Online from: 1987
Subject Area: Marketing
Options: To add Favourites and Table of Contents Alerts please take a Emerald profile
|Title:||Determinants of multiple channel choice in financial services: an environmental uncertainty model|
|Author(s):||Filipe Coelho, (Faculdade de Economia da Universidade de Coimbra, Coimbra, Portugal), Chris Easingwood, (Manchester Business School, Manchester, UK)|
|Citation:||Filipe Coelho, Chris Easingwood, (2005) "Determinants of multiple channel choice in financial services: an environmental uncertainty model", Journal of Services Marketing, Vol. 19 Iss: 4, pp.199 - 211|
|Keywords:||Distribution channels and markets, Financial services, Supply chain management, Uncertainty management, United Kingdom|
|Article type:||Research paper|
|DOI:||10.1108/08876040510605235 (Permanent URL)|
|Publisher:||Emerald Group Publishing Limited|
Purpose – The use of multiple channels is increasingly an option for many products. Yet, despite their popularity, little is known in a systematic way about such channel structures. In particular, there is a lack of research in respect of the reasons why multiple channels of distribution emerge. This work proposes to attempt to deal with this problem by developing and testing a model comprising a set of hypotheses regarding the circumstances under which companies go multi-channel.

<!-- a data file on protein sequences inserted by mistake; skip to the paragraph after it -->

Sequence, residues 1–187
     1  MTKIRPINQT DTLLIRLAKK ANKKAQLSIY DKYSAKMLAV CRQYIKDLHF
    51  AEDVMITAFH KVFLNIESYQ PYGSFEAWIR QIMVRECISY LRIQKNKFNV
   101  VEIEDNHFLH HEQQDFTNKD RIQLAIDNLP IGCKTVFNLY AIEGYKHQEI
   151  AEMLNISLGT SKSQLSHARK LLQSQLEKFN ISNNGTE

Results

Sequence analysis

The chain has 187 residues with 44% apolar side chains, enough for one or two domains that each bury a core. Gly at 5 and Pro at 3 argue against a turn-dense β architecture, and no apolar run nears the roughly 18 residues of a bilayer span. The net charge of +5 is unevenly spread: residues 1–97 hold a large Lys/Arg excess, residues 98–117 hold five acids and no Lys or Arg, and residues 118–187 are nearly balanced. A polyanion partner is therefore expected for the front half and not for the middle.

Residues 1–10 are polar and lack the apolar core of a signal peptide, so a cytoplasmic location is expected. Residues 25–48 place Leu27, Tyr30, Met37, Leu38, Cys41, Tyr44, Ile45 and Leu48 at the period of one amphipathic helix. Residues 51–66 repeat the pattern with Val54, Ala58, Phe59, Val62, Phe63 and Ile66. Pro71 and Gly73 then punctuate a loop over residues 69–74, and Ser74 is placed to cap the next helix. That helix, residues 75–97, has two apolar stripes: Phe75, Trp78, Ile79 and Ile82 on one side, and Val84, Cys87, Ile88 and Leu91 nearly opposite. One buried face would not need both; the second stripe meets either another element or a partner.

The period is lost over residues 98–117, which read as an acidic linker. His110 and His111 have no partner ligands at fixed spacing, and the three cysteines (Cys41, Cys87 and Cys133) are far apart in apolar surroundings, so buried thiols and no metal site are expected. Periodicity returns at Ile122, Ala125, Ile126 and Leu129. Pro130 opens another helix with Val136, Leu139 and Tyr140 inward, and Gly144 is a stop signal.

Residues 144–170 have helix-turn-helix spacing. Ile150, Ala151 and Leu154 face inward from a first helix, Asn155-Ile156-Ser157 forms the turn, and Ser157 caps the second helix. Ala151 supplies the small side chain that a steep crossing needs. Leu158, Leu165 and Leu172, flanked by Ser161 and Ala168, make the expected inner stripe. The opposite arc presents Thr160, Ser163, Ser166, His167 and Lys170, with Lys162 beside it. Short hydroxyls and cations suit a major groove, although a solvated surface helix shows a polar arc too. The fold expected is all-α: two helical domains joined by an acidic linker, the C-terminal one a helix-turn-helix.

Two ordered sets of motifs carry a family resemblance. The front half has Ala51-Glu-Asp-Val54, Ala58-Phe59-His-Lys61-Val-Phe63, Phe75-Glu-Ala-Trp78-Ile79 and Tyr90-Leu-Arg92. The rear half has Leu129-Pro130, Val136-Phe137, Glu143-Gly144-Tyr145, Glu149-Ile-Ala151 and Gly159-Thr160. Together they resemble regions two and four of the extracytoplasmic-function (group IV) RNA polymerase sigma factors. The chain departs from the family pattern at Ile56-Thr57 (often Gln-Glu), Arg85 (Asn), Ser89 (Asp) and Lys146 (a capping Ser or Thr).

Design/methodology/approach – The work draws on the organisational environment literature and, in particular, the sources of environmental uncertainty. Data were collected from firms in the UK financial services industry through personally administered questionnaires. Research hypotheses were tested using logistic regression.
Findings – The results suggest that customer heterogeneity, customer volatility and environmental conflict positively influence the choice of multiple channels, whereas intermediary heterogeneity and volatility may reduce the need to use such channel strategies.
Research limitations/implications – The extent to which results can be generalised is limited by the relatively small sample size and by the focus on financial services. Additionally, it is also possible that channel typologies other than that considered in this study might have yielded different results.
Practical implications – The degree of environmental uncertainty is an important issue affecting multiple channel choices, and should be considered at the channel design stage.
Originality/value – This study has helped understand the drivers of multiple channel strategies, a poorly understood topic.
Existing customers: login
to access this document
To purchase this item please login or register.
Complete and print this form to request this document from your librarian